White Snakeroot

By late summer, white snakeroot begins to appear in our flower beds and along our wood borders in central Missouri, adorning the property through October.  This native herb, up to five feet tall, is characterized by pointed, oval-shaped leaves with serrated edges and showy clusters of tiny white flowers that each produce a small, dark seed.

Found throughout the eastern half of North America, the foliage of this plant is toxic to livestock, especially if consumed in large amounts or regularly over an extended period of time.  Its poisonous compound, known as tremetol, causes anorexia, listlessness, tremors and ataxia in affected animals; humans who consume milk produced by poisoned cattle or goats may also become ill (in some cases fatally).  Indeed, during the 1800s, thousands of American settlers may have died from "milk sickness."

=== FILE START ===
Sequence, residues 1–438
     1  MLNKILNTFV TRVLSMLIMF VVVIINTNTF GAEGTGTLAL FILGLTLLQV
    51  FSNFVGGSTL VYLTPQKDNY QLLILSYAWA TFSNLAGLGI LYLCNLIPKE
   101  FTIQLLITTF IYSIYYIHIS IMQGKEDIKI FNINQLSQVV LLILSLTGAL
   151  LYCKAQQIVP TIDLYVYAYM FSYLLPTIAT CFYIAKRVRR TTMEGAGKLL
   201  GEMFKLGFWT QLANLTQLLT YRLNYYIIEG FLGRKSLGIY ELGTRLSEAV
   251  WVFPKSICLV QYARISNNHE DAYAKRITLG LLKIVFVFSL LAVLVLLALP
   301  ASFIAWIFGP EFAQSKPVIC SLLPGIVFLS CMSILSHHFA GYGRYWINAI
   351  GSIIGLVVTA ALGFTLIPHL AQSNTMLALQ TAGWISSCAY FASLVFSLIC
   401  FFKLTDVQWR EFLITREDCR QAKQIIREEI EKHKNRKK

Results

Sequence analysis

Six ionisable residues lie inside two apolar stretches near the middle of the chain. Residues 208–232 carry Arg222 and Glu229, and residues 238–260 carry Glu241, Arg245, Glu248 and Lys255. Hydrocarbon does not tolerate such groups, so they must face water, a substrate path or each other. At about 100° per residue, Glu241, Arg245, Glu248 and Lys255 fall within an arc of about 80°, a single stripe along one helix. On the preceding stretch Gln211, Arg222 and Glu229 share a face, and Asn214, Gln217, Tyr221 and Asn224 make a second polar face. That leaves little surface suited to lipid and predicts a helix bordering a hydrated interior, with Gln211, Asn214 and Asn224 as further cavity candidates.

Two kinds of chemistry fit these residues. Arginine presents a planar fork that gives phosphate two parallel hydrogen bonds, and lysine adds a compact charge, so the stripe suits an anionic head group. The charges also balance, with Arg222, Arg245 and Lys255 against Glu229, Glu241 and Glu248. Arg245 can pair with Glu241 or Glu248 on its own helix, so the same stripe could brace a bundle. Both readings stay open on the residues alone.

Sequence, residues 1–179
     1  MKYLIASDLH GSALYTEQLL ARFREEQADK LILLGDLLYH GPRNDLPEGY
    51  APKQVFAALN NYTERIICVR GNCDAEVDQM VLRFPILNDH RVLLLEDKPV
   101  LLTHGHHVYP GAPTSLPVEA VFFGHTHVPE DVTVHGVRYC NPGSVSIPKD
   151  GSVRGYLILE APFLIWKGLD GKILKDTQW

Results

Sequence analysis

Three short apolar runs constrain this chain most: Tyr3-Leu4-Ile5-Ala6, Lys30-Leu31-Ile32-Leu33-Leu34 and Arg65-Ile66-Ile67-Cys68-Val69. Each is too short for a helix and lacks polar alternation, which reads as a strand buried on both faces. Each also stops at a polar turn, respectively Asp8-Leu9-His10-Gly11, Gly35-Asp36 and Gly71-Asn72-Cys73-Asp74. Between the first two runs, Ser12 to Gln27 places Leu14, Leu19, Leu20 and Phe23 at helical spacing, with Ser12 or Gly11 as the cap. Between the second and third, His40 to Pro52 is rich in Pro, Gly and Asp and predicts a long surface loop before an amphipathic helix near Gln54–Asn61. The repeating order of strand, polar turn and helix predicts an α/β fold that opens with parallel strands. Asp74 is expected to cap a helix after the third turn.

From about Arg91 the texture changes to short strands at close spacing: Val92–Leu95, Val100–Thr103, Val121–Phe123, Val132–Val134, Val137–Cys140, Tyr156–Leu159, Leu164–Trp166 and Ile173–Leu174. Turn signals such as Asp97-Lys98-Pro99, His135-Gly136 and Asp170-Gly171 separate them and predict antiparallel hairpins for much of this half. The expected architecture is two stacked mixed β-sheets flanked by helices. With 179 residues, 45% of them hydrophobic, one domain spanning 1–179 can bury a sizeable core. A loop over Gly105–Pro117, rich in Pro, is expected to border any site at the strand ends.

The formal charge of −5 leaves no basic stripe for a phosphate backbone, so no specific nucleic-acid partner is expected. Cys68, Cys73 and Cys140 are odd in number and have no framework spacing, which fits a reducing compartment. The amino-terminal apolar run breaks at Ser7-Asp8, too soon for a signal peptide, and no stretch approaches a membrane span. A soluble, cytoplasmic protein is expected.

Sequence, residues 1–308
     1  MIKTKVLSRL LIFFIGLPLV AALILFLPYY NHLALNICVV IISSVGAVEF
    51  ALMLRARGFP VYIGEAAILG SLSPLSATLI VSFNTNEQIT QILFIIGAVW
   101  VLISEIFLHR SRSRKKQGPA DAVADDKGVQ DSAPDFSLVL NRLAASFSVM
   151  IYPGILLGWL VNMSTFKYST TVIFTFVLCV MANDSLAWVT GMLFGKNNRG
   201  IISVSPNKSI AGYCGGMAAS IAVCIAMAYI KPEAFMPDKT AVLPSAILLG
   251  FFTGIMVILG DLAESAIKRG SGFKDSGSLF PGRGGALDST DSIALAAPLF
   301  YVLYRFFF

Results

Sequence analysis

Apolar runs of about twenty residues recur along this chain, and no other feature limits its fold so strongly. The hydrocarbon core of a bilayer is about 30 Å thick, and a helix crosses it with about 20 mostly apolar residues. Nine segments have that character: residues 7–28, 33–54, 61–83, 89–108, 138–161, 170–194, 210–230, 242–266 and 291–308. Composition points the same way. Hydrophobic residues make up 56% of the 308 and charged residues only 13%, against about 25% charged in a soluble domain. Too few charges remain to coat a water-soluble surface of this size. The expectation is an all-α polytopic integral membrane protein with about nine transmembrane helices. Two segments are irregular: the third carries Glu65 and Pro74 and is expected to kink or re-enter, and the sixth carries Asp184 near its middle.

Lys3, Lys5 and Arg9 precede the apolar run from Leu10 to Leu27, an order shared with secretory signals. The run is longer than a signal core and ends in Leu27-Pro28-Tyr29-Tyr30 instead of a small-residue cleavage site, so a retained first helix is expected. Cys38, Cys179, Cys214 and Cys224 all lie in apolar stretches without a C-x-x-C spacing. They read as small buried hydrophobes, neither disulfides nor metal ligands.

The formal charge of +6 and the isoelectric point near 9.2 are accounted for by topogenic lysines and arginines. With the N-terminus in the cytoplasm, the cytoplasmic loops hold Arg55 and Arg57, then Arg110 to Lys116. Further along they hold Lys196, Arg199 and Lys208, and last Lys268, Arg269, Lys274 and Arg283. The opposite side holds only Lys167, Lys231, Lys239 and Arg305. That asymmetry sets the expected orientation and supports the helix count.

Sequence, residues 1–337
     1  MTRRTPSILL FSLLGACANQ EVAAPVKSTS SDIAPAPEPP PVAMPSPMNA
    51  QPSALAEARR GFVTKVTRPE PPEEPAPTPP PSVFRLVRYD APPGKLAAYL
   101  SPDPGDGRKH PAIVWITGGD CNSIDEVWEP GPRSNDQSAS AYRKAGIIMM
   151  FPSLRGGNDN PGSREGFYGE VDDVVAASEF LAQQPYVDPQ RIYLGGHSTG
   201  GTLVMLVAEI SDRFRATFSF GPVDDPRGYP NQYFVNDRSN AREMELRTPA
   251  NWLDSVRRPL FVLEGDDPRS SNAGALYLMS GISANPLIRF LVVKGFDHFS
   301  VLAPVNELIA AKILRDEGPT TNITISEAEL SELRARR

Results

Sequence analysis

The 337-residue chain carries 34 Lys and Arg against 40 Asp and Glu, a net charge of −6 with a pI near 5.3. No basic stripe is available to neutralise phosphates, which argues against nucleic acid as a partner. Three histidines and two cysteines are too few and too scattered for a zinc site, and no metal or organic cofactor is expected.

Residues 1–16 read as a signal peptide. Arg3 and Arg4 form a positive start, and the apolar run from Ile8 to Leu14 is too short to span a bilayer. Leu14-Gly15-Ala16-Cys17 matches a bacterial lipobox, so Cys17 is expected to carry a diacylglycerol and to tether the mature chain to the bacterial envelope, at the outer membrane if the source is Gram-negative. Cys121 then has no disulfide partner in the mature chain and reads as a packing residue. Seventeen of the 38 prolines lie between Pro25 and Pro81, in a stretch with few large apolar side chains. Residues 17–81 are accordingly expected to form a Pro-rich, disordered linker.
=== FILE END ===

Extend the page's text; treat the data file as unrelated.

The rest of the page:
Since we do not munch on the white snakeroot in our yard, we are not a risk from this toxic herb.  This is especially fortunate since it spreads by both seed and subsurface rhizomes, making the plant difficult to eradicate; those who wish to make an attempt are advised to pull up the plants when they first appear (i.e. before flowering begins in late summer).